Link dimensions for curb chain

Hi all - Apologies for asking such a dense question. But I’m completely self-taught and have a lot of dumb questions while sitting here in my cave. :slight_smile: I want to try making some curb chain. And while I see a number of great postings in this forum about the technique, I’ve not yet found much guidance on good dimensions for the actual links. On a side note, I have a great book on loop-in-loop chain by Jean Reist Stark. I’ve made just about every chain style in her book. And she provides an excellent chart that lists minimum/maximum link diameter by wire gauge for each chain type. So that got me to wondering if there might be some similar guidance out there for making a curb chain? For example, if I were working with 12-gauge wire then there’s probably a practical minimal/maximum link diameter required to allow for the links to be twisted while the resulting chain is still supple but not too loose. Does anyone know if this data is published anywhere? If not, I’d sure appreciate some initial suggestions before I start the long process of trial and error until I figure out what works and what doesn’t!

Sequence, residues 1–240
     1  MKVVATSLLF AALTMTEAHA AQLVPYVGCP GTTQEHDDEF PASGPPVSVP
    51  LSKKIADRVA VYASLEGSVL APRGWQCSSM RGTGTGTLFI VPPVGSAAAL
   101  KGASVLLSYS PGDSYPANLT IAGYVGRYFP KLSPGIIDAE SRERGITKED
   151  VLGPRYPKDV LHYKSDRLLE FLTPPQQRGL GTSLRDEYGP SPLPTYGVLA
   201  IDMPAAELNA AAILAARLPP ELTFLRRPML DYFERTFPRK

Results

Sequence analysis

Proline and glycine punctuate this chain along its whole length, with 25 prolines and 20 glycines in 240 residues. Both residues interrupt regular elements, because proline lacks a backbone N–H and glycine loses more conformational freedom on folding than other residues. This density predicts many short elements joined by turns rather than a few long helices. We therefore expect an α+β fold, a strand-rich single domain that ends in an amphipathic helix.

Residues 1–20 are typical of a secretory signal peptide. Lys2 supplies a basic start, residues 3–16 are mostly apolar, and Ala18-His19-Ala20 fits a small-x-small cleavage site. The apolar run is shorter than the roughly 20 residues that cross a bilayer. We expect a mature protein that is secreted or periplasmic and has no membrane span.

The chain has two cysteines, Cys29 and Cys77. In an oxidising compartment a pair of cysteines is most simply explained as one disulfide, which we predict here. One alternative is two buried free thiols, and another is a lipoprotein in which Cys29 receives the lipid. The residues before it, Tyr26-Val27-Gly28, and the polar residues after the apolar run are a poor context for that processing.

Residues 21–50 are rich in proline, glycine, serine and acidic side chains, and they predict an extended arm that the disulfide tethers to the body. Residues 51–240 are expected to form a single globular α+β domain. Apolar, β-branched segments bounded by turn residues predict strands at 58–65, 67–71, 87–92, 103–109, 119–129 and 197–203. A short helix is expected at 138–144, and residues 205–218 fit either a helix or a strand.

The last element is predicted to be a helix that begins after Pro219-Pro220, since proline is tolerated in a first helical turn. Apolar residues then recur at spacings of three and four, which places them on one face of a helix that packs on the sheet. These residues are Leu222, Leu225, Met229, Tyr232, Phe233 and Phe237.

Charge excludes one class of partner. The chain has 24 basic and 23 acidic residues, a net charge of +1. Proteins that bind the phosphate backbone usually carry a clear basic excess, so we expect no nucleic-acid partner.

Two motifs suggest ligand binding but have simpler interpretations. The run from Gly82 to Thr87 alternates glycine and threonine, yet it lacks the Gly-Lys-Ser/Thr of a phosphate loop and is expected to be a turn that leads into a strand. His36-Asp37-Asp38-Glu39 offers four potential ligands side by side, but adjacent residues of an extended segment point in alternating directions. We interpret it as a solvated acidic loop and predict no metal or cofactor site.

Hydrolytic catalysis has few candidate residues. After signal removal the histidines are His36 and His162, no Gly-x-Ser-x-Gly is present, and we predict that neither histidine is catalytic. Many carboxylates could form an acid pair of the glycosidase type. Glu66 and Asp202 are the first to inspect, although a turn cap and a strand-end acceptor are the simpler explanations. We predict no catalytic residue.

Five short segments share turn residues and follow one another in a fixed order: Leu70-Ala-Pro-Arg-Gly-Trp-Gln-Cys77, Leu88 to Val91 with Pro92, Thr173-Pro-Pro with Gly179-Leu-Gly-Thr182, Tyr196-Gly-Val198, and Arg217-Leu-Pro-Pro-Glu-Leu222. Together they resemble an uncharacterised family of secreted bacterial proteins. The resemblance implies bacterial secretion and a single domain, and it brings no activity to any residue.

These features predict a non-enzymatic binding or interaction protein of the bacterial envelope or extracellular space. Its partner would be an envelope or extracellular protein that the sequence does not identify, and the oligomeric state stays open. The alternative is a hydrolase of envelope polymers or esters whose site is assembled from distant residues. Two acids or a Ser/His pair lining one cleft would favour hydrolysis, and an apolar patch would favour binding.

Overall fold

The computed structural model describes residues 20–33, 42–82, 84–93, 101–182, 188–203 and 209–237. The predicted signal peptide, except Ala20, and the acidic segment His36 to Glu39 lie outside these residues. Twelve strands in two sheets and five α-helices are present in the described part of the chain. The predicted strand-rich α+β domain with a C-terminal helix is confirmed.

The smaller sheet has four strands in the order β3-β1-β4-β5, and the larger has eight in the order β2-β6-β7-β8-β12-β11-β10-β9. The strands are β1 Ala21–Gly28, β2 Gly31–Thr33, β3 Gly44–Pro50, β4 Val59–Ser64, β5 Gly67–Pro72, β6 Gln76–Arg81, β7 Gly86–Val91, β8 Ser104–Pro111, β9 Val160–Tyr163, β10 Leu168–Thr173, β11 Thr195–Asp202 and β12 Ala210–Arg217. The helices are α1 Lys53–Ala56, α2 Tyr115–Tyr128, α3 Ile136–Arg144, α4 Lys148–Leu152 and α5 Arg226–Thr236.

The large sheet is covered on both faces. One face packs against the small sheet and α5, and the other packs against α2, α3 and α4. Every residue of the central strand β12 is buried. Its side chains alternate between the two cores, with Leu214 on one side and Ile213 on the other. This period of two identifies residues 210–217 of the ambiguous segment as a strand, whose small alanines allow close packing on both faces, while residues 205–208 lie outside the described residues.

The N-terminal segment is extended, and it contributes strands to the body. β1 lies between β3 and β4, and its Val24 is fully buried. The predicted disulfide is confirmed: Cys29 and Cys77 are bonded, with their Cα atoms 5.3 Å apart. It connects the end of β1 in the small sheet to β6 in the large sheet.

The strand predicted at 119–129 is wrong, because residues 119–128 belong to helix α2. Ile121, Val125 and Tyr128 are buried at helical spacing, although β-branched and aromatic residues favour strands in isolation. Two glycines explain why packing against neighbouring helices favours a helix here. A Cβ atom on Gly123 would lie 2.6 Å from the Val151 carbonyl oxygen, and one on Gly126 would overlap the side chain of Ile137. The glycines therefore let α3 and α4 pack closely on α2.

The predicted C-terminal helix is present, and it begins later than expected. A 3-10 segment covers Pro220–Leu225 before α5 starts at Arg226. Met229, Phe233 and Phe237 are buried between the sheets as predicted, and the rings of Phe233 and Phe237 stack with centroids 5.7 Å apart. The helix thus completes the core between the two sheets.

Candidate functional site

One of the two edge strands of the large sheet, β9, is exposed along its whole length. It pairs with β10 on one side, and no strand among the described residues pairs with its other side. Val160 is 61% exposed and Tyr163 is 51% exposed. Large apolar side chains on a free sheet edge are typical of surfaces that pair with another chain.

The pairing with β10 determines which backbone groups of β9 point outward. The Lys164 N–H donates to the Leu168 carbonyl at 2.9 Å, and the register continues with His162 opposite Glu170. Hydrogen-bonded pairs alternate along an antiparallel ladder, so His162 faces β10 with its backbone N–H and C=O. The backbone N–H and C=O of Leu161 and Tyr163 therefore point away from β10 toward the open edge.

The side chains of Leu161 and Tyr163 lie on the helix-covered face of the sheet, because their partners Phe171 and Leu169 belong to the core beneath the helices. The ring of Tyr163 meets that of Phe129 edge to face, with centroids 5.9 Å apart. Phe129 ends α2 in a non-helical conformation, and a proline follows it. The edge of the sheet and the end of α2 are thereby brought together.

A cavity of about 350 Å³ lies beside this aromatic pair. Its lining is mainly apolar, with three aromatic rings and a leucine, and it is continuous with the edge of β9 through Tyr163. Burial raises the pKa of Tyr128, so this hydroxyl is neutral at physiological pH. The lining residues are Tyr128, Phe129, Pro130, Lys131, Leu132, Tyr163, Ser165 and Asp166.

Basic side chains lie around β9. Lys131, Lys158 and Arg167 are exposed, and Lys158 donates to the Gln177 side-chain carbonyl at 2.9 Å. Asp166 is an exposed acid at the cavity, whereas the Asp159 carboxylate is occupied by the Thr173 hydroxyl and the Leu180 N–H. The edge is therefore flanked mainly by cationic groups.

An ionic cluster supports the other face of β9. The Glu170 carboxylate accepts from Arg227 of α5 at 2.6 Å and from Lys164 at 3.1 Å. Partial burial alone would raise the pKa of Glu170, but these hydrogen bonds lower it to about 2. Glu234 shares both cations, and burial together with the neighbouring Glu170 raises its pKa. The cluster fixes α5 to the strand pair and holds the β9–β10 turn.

This is something I also wondered when I started making chains. I’m sure there’s an exact formula but here’s how I do it and it’s worked so far. This process is for making a nice tight link with little inter link space.

The main factor that decides everything else is the width you are looking for. Let’s say you want to make a 12mm curb chain. Take an oval link and lay it down flat looking at it vertically, now in your mind divide it into 3 columns, metal, space, metal. Now Ideally if you want a really tight chain, the space should be the same width as the metal on either side. So for a 12mm wide chain you need a 4mm piece of wire(just under 6 gauge) and a 4mm wide space in your link. As far as the length in your link, the link needs to be long enough so the space in the link can have enough room for 2 pieces of your wire plus I generally add 0.5mm extra to account for shrinkage when twisting and still maintain enough room for smooth movement. To find the length your links need to be just take the mm width of your wire and multiply it by 4 then add 0.5mm which would be 16.5mm. That means the space in each link would be 8. 5mm which is just big enough for 2 links to be linked through with space to move.